The tech talent deficit is nothing new; in fact, it’s only gotten worse over recent years, compounded by COVID-19 and the mounting pressure on companies to digitize, automate and accelerate overnight. And now, of course, we are also battling the Great Resignation and talent wars.
For engineering and software delivery roles, this has never been truer. For years, it has been challenging to find professionals that embody the soft and technical skills needed to support ever-changing SDLC needs. Just think about how much the role of the QE leader has changed in recent years. Today they face an expanding set of challenges, including: creating agility at scale, getting code out faster, responding to ever-evolving market needs, becoming more data-driven… and the list goes on.
Companies cannot always wait two years for” best” when it comes to go-to-market. Instead, they need a product that meets the immediate market need and in time to be the first – or among the first – choice presented to the end user. Otherwise, there will be no market when delivered – there is no opportunity to take just one and not the other. As a result, pressure mounts for engineering leaders to support continuous integration and extensive automation — both of which require higher technical skillsets within teams. Today’s engineering professionals need to possess insight into the whole value chain, with deep understanding of:
- The things that need to get done to put quality product in the hands of ends users faster
- How to operate and contribute meaningfully in truly Agile (as opposed to Agile in name only) environments
- The developer mindset so they can improve collaboration and cooperation cross-functionally in a self-organizing team
- Mastery of emerging technologies and automation frameworks that can support a more modern paradigm
- A focus on how what they do impacts superior customer experience
So how can we as technology leaders stay ahead of the talent deficit? By focusing on a few core areas:
Form Communities of Practice
One of the things that happened as we moved to self-organizing teams is that we lost the focus on standards and commonality found in the old “Bureau” model – which means it has become harder for something that is discovered as a critical advantage in one team to disseminate throughout an entire organization. As such, one of the things we need to prioritize is the creation of Communities of Practice, which pull together groups of people of the same technical background so they can exchange ideas, learn from one another, and improve how they do their jobs.
Quality engineering in particular needs to think of itself as a specialty that has an obligation to raise the standards of the profession continually. We need to focus on staying abreast of ever-evolving development technologies while augmenting our team-member skillsets for meeting the challenge of delivering better code quicker. Technology is not standing still; It’s advancing all the time. As such, we can no longer focus on solving yesterday’s or today’s problems; instead, we need to be almost exclusively focused on preparing to solve tomorrow’s problems.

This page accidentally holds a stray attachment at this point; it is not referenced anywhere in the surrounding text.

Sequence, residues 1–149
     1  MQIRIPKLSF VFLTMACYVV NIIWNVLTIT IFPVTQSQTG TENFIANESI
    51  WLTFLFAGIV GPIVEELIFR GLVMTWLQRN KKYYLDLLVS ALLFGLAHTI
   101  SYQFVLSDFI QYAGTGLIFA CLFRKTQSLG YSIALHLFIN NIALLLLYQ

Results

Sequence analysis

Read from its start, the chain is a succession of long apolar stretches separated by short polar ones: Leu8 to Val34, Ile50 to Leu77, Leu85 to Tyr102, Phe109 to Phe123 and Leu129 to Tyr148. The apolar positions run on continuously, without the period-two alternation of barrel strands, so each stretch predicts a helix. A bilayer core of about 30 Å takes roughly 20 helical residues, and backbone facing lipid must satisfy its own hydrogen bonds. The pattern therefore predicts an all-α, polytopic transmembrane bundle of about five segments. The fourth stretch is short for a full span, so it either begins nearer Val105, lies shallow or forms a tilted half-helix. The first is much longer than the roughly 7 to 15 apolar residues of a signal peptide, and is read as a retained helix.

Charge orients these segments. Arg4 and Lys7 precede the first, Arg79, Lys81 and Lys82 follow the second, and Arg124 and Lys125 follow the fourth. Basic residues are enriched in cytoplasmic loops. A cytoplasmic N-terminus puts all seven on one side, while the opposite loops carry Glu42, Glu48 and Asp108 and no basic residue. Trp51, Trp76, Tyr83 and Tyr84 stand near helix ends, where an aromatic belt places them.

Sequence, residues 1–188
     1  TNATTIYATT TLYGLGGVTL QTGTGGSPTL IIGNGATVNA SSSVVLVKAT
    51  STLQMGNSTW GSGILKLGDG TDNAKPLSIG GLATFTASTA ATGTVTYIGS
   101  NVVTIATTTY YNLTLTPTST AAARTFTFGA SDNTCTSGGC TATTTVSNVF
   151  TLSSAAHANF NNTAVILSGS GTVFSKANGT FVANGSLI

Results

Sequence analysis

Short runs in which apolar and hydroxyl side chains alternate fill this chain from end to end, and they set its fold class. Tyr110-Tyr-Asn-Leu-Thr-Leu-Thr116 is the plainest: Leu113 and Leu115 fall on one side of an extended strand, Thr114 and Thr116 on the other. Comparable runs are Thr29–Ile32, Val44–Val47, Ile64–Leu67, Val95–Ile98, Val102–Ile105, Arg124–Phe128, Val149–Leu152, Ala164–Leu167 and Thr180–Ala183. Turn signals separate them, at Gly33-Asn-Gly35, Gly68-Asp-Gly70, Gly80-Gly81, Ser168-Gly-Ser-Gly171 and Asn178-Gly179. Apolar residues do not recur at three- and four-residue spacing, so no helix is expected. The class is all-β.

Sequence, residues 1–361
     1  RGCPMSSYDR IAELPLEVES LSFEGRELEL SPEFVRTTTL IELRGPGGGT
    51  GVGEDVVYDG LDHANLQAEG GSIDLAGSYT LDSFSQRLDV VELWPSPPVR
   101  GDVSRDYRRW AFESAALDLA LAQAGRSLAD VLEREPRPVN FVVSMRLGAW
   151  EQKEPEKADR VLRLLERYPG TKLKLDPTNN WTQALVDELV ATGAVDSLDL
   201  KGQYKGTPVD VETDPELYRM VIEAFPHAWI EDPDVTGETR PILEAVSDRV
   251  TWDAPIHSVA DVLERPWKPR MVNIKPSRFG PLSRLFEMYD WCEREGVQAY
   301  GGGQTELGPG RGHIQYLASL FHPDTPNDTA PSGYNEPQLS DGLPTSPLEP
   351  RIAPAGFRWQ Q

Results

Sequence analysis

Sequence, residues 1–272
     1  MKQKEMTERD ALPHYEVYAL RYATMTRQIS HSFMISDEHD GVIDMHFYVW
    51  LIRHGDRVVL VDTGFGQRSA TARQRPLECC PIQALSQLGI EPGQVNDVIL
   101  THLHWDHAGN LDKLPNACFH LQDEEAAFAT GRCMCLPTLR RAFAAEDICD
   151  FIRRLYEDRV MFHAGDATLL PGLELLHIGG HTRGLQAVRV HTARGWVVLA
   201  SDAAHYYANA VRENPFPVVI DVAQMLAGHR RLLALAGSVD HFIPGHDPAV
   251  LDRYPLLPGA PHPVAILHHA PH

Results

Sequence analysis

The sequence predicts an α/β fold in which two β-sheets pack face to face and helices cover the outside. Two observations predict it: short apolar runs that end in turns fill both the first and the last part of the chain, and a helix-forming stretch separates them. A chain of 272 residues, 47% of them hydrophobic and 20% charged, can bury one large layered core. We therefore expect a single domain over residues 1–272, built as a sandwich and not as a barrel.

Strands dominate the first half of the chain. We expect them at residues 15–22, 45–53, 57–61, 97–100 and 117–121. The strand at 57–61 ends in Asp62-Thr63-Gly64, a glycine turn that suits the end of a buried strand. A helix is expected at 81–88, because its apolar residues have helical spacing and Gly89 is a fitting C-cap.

Create Space to Incubate
Emerging technology is here and is already having a profound impact on product development, go-to-market and customer experience… and that impact in many areas is only beginning to be felt. As leaders, we need to have a steady eye on the next thing and explore it in the safest ways. While we can’t bet the company on immature or unfamiliar technologies, we can and should dip our toe in with emerging technologies – especially those that have the ability to transform our organizations. To do this, all companies should be creating an “incubation center” where these technologies can be learned and applied to their specific problem space.
For example, even though the Internet of Things (IoT) is still emerging, IoT and artificial intelligence are out there and having transformational effects on business. This means we can’t wait for these technologies to get too mature before developing a game plan of incorporating them. So, as you think about how to grow and up-skill your team, ensure that you are creating space for your team to experiment and incubate with new technologies so that they remain ahead, versus falling behind.
The most innovative and resilient companies always think of their people as an investment and are willing to “grow” them over time. One of the quickest ways to do that is to pair your internal team with experts from the outside who have hyper-specialization that will not only complement the skills of your existing team, but also move your entire team forward.
When we pair our team with technical mentors and advisors, they in turn can set the pace for the rest of the organization – thus producing a “multiplier” effect. As knowledge is imparted shoulder-to-shoulder, the collective expertise of your team rises, and you are able to supplant your team’s current capabilities with a new set of special skill sets.
As we stated earlier, the talent deficit has long plagued and challenged leaders, but fortunately there are steps we can take every day to up-skill and prepare our teams for what’s next. As we look at introducing the next great initiatives within our departments, we must not lose sight of the fact that in many cases, the drivers of transformation come from individual contributors. Addressing the talent deficit therefore becomes essential.
As leaders, we have a responsibility to be raising the bar every day; this ensures that the team that made us successful in the past will be ready to ride the new wave – whatever it brings – rather than being knocked over by it.
Looking for immediate talent support within your quality engineering department? Drop us a note here; we would be happy to discuss how we could lend additional team support through our devops, emerging technology, data and testing teams.